Local News

Packers get backers from all ages

Lifelong fans not shy about sharing stories, passion for Pack

VERONA, Wis. - The big screens were fired up, and so were the fans at Verona's Draft House.

The popular spot was filled with fans on both sides of the border battle who were pumped for the the third -- and most important -- meeting between the Vikings and Packers in just the last 34 days.

"I guess we'll have a couple purple fans, but mostly green and gold, definitely," co-owner Tonya Patten said.

Patten expected the restaurant to make a couple of thousand dollars more than a typical Saturday thanks to the game.

Among the tables of friends and foes in all different colors were Kristen Lentz and her family. Lentz's 14-month-old niece is a Packer fan in training, learning all of the cheers from a very young age.


"Getting really excited to watch the game," Lentz said as they prepared to watch. "Can't get better than that. It's going to be a good game, and no doubt we're going to win."

At Saint Mary's Care Center in Madison, the scene is more subdued. A handful of residents gathered in front of the television in the community room, each with several decades of dedication under their belt.

Jenevieve Carlson has been watching the Pack play since the 1940s. She has never set foot in Lambeau Field for a game, and she doesn't even own any official green and gold garb.

But that doesn't mean the woman comfortably wrapped up in a lavender blanket on a chilly Saturday night doesn't have a long history of cheering her favorite team on.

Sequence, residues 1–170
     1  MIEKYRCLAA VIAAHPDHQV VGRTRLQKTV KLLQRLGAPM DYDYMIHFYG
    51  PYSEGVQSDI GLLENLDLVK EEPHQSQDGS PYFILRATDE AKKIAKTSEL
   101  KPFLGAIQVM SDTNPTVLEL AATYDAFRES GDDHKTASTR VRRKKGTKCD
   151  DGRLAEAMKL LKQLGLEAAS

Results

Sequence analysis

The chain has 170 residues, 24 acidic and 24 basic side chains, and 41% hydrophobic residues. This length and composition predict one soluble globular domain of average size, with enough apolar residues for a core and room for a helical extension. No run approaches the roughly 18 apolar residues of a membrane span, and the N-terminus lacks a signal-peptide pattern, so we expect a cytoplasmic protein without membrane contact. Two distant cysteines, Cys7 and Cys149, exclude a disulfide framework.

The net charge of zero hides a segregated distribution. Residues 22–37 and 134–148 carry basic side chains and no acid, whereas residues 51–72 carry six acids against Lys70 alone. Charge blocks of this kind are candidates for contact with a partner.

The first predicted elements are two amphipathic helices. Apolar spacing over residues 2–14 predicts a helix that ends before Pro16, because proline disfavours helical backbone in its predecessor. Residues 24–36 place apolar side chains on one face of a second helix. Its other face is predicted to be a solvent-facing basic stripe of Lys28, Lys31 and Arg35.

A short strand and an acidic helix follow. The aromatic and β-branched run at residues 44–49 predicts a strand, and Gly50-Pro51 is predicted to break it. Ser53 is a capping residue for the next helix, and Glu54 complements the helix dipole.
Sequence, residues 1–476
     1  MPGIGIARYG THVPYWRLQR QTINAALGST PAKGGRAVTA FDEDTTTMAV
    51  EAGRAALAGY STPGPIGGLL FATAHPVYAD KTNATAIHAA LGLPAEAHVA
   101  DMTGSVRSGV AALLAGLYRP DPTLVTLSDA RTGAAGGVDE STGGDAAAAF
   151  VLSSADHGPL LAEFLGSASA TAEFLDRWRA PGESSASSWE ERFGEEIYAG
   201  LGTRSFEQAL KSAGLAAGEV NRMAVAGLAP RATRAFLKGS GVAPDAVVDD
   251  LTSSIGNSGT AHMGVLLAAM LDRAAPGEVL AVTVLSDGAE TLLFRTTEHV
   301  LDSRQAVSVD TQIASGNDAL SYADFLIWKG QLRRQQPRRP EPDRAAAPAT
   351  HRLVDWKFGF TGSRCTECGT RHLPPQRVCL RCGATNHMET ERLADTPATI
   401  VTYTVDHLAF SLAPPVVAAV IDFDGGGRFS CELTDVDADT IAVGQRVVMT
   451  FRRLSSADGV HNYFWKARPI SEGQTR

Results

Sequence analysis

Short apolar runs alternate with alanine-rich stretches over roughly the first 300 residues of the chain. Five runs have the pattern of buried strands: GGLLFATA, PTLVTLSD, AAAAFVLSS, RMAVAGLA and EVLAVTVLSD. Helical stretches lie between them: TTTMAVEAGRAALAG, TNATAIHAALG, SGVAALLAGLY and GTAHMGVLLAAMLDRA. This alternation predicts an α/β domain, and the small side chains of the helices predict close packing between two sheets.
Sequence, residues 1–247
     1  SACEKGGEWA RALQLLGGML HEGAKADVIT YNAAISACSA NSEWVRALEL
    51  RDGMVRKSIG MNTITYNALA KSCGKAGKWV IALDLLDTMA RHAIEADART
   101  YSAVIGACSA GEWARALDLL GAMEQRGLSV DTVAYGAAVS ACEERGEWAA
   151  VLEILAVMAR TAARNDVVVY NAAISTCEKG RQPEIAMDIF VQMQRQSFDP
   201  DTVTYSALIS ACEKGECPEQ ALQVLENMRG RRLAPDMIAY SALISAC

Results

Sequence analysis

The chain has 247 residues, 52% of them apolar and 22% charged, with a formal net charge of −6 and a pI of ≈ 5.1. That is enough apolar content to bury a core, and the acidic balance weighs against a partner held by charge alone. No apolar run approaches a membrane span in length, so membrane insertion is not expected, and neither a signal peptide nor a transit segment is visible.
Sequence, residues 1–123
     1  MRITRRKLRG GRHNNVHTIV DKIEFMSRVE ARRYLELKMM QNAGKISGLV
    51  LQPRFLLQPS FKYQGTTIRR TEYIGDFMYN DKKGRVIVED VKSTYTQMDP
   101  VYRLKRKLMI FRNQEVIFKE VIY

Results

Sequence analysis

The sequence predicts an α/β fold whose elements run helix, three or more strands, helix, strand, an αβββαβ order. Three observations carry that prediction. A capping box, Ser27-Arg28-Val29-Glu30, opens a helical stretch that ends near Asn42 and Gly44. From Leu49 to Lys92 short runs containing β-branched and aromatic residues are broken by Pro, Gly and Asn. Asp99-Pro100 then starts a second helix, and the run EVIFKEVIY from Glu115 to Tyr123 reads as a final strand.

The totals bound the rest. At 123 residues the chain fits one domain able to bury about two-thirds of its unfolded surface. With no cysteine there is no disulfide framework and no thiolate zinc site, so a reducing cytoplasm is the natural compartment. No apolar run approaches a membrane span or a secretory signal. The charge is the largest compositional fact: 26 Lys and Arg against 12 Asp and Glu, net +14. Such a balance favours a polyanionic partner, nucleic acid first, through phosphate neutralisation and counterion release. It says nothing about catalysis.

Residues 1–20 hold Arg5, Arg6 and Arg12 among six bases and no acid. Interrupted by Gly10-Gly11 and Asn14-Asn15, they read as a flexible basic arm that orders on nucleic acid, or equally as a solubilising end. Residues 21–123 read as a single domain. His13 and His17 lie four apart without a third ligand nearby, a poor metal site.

"When my children were small," Carlson explained, "I'd sit in the living room and scream and holler for the Packers while they were doing something else. Sometimes they thought I was crazy."

Carlson said the days of Bart Starr got her fully on board with the Packers.

Charles Dykman, on the other hand, recalls 1967's infamous "Ice Bowl" in vivid detail. He became a Packers fan back in grade school, but said it wasn't until high school that he got serious about it.

"It was almost a matter of religion. Everybody was that way about it," Dykman said.

Dykman said he's lived through the good, the bad, and the ugly with the Packers, but said this year's team shows real promise now that most of the players are healthy.

"It's been a wonderful run for them, and me," Dykman said.

The most experienced of fans say it's best to cheer their team on no matter what.

"We have to stick up for them," Carlson said. "We have to believe in that."

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